Then Verstappen won his first race with Red Bull. The questions stopped.
There was further evidence of Max’s ability in his phenomenal wet-weather drive in Brazil later that year, followed by two more victories to make a tough 2017 seem very positive.
His victory in Malaysia was particularly impressive, won on pace against the Mercedes of Lewis Hamilton. Max reeled the champion-elect in, passed him coolly, then simply pulled away.
Lewis is among those to recognise the sport’s next big star. After clinching the 2017 title at the Mexican Grand Prix, a race won by Verstappen, Hamilton called his young rival “a potential world champion”.
That might seem like muted praise, but Lewis is not prone to dishing out superlatives about his rivals. The only other drivers whose abilities he deems worthy of acknowledgement are named Vettel and Alonso, so this was praise indeed.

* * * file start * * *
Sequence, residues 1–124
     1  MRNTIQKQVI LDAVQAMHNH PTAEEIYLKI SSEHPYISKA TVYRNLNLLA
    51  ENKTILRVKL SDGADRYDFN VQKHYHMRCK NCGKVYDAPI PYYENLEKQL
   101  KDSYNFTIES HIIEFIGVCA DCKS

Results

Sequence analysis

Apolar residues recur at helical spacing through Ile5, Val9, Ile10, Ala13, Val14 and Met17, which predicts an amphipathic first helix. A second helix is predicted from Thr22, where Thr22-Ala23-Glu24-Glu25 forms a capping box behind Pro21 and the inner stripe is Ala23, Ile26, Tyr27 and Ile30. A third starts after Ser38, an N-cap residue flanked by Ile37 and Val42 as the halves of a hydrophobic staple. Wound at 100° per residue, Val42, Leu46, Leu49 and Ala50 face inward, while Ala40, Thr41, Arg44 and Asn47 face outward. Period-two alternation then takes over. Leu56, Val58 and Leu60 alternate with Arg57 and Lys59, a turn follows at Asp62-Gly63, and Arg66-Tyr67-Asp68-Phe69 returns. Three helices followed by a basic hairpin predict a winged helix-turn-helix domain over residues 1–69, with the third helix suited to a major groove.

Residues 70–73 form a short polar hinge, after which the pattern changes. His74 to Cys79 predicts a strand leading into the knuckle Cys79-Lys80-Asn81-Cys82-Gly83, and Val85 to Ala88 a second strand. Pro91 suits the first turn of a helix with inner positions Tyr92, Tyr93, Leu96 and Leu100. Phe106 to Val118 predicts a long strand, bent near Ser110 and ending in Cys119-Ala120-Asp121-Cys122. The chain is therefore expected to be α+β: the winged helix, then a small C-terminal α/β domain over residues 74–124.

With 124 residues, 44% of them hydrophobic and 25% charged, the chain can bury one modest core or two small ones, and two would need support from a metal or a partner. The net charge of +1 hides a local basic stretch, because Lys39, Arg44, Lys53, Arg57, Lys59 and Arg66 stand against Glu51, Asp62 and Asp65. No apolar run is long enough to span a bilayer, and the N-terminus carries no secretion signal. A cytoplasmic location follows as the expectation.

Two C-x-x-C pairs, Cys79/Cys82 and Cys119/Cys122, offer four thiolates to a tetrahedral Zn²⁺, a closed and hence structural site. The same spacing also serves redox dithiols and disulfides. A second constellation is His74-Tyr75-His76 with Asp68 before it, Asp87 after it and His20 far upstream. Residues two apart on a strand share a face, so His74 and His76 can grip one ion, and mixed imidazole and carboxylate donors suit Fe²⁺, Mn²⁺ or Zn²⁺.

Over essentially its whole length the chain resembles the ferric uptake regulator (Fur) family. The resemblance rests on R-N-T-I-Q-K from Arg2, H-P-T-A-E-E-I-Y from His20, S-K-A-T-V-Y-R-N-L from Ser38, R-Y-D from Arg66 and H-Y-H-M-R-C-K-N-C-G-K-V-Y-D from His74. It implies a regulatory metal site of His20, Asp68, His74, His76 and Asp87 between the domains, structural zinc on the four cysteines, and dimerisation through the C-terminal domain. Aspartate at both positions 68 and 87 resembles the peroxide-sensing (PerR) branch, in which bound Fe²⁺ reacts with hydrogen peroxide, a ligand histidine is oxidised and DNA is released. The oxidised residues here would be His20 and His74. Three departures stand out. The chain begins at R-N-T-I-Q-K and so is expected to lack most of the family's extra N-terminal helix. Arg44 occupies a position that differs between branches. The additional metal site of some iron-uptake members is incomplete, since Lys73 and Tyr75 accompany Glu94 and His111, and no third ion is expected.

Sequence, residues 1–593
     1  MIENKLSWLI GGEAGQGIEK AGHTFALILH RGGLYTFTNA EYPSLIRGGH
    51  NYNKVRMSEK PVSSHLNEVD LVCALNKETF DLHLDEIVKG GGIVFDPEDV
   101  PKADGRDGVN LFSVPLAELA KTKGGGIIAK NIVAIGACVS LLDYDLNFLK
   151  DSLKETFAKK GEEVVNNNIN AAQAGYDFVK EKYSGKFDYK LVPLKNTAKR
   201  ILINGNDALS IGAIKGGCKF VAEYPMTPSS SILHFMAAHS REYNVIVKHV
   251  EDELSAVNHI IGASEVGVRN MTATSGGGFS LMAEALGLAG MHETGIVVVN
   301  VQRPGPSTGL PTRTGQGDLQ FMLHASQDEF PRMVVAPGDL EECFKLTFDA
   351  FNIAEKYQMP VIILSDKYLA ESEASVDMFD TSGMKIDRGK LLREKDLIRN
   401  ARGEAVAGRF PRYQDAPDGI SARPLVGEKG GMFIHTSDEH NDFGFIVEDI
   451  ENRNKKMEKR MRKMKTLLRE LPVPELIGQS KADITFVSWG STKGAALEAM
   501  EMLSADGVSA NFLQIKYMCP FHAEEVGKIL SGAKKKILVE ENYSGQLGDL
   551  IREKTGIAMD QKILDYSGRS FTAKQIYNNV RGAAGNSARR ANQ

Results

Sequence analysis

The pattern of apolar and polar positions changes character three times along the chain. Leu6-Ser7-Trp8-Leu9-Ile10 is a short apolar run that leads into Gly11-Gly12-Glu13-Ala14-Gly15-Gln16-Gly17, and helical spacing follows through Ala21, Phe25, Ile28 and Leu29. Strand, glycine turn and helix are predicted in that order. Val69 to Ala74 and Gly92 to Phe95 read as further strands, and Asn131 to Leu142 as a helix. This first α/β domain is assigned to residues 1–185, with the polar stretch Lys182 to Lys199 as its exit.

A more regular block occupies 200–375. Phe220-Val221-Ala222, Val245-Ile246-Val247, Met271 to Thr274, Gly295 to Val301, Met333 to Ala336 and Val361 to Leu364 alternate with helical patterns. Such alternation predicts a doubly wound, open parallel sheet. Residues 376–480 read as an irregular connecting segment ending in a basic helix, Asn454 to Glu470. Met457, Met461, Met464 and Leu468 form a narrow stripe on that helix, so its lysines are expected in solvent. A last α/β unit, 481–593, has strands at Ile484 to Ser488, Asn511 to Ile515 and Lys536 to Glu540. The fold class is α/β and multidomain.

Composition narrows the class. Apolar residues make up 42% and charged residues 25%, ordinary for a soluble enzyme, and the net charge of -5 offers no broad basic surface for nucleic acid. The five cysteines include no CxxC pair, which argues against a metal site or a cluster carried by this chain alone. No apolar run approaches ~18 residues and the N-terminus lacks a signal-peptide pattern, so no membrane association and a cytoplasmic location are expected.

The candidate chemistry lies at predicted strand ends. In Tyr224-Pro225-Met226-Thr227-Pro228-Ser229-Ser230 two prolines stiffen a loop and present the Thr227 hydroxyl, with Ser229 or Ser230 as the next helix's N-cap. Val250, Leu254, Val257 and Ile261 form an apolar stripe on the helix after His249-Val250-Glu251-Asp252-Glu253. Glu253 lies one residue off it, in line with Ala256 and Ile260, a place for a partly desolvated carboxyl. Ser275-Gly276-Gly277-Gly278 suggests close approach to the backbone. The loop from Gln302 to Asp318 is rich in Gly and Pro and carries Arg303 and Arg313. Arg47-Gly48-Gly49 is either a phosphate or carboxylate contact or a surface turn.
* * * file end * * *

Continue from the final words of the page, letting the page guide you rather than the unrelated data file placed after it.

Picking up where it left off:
Perhaps Lewis was in a charitable mood having just put the finishing touches on his fourth world title. But it’s likely that he was being sincere about a driver who can succeed him as a generation-defining star.
THE RACING THOROUGHBRED
Verstappen is a driver of unique natural ability. He already had all the speed needed when he arrived in F1 and what has followed since has been about adding experience and smoothing some rough edges. But what makes him great today was there from the first race.
Off-track he is an interesting character, if a little hard to get a clear read on. He grew up in the most racing-focussed family possible, his father Jos Verstappen being a veteran of more than 100 grands prix and briefly teammate to Michael Schumacher.